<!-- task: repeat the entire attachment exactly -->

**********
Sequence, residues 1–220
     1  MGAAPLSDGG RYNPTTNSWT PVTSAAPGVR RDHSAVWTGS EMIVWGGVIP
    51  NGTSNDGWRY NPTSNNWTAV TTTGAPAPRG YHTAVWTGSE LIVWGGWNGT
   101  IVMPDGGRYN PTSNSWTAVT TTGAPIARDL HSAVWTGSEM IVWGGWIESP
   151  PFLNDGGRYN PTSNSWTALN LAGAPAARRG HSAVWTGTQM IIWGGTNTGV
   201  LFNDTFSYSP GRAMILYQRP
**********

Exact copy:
Sequence, residues 1–220
     1  MGAAPLSDGG RYNPTTNSWT PVTSAAPGVR RDHSAVWTGS EMIVWGGVIP
    51  NGTSNDGWRY NPTSNNWTAV TTTGAPAPRG YHTAVWTGSE LIVWGGWNGT
   101  IVMPDGGRYN PTSNSWTAVT TTGAPIARDL HSAVWTGSEM IVWGGWIESP
   151  PFLNDGGRYN PTSNSWTALN LAGAPAARRG HSAVWTGTQM IIWGGTNTGV
   201  LFNDTFSYSP GRAMILYQRP